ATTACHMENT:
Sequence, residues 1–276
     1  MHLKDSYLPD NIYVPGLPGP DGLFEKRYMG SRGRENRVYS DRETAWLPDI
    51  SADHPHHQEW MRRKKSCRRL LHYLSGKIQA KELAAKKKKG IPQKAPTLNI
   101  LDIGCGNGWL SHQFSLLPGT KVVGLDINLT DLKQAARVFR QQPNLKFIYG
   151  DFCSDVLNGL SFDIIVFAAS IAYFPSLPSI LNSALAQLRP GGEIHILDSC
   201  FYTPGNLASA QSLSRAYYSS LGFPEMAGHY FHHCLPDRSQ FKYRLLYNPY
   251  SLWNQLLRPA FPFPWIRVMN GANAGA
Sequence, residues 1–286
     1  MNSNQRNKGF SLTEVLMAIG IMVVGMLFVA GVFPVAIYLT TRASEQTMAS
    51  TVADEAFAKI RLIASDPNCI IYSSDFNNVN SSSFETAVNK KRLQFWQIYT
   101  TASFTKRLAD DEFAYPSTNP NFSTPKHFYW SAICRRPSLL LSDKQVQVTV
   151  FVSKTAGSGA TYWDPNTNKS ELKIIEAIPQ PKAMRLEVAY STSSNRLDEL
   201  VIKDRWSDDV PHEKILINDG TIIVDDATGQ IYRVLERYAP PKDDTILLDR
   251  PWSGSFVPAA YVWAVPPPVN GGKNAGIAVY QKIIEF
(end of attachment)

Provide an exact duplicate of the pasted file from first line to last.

Sequence, residues 1–276
     1  MHLKDSYLPD NIYVPGLPGP DGLFEKRYMG SRGRENRVYS DRETAWLPDI
    51  SADHPHHQEW MRRKKSCRRL LHYLSGKIQA KELAAKKKKG IPQKAPTLNI
   101  LDIGCGNGWL SHQFSLLPGT KVVGLDINLT DLKQAARVFR QQPNLKFIYG
   151  DFCSDVLNGL SFDIIVFAAS IAYFPSLPSI LNSALAQLRP GGEIHILDSC
   201  FYTPGNLASA QSLSRAYYSS LGFPEMAGHY FHHCLPDRSQ FKYRLLYNPY
   251  SLWNQLLRPA FPFPWIRVMN GANAGA
Sequence, residues 1–286
     1  MNSNQRNKGF SLTEVLMAIG IMVVGMLFVA GVFPVAIYLT TRASEQTMAS
    51  TVADEAFAKI RLIASDPNCI IYSSDFNNVN SSSFETAVNK KRLQFWQIYT
   101  TASFTKRLAD DEFAYPSTNP NFSTPKHFYW SAICRRPSLL LSDKQVQVTV
   151  FVSKTAGSGA TYWDPNTNKS ELKIIEAIPQ PKAMRLEVAY STSSNRLDEL
   201  VIKDRWSDDV PHEKILINDG TIIVDDATGQ IYRVLERYAP PKDDTILLDR
   251  PWSGSFVPAA YVWAVPPPVN GGKNAGIAVY QKIIEF